Posts tagged “Aki Onda

Think Week (Change Week)

Posted on February 23, 2018

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I recently completed my version of a think week, taking some time for reflection in New York and West Texas during a natural work transition. My think week was apparently less stringent than the isolated-cabin-in-the-woods version of the think week, but I also oriented more toward actionable changing in addition to just thinking. Here are five questions to consider when structuring a think (change) week: Confirm Commitment Do you really just want a vacation? If you’re primarily looking for a break from work, consider taking a nice vacation. You can step away from usual routines, visit different places, and socialize with friends and family. You can physically and mentally refresh. A vacation is not the same as an intentional, structured, immersive thinking experience. In my case, I knew I wanted a solo week with…

Sounds Extreme

Posted on December 10, 2017

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The Cooper Hewitt, Smithsonian Design Museum sits on New York’s Upper East Side in a renovated Andrew Carnegie mansion. When Carnegie purchased the land in 1898, it was more than a mile north of what was then considered fashionable society and many levels removed from the deafening steel mills that accelerated his fortune. It seems he wanted space for a garden. On a sunny Sunday morning in October of this year, the Cooper Hewitt galleries are quiet with only a few visitors at such an early hour. I break the silence by tapping a few keys on a dot piano in the Designing with Sound exhibit. The notes present a stark reminder of how sound surrounds us, how sound influences us, and how sound is often most noticeable in its extremes – the overwhelming excess in its presence or…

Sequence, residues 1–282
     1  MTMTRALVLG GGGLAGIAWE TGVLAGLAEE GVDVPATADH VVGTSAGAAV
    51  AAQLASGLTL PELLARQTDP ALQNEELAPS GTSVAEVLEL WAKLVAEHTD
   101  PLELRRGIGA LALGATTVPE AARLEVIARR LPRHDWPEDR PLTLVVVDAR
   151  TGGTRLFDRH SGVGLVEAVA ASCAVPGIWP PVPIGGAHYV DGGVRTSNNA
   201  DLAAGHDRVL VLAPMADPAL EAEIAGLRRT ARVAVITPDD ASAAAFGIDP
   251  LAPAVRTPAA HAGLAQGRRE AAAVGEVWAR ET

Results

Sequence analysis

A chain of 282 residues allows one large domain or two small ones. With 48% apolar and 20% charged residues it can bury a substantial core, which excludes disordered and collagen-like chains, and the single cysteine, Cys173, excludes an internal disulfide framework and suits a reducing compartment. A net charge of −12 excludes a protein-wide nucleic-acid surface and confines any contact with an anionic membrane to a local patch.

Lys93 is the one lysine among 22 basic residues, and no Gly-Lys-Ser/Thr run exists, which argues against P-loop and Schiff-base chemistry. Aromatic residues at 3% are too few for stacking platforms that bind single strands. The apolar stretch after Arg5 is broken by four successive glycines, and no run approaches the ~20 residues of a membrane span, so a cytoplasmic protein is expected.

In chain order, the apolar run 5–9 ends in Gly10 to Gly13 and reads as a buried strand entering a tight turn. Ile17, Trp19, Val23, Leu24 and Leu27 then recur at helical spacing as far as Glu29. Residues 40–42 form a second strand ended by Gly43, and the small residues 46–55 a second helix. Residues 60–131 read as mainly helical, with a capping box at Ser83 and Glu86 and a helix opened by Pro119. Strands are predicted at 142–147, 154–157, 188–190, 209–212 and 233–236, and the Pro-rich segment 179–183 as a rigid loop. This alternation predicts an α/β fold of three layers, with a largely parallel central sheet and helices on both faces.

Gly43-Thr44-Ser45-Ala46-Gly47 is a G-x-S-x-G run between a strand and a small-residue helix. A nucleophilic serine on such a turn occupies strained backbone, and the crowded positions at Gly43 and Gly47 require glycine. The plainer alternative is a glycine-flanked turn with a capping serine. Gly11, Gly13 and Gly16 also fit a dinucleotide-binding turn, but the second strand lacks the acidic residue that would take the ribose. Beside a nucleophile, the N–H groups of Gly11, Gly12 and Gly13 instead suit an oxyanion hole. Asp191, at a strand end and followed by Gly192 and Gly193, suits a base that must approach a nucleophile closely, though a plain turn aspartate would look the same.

Field Notes: Sounds Extreme

Posted on December 10, 2017

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Cooper Hewitt, Smithsonian Design Museum I frequently recommend the Cooper Hewitt across age groups. In addition to the Designing with Sound exhibit during my October visit, I saw an excellent exhibit on Design in the Digital Age, and an interesting Virtue in Vice exhibit with objects categorized across the seven deadly sins. My previous visit to the Cooper Hewitt led to writing about Pixar. Notes on Max Neuhaus, Times Square Considering the foot traffic through Times Square, this is probably the most visited art installation in America. It just so happens the vast majority of visitors don’t realize they’ve visited. Neuhaus said, “I want at least fifty percent of the people to be able to walk through it without noticing, without hearing it.” By my observation across at least five visits,…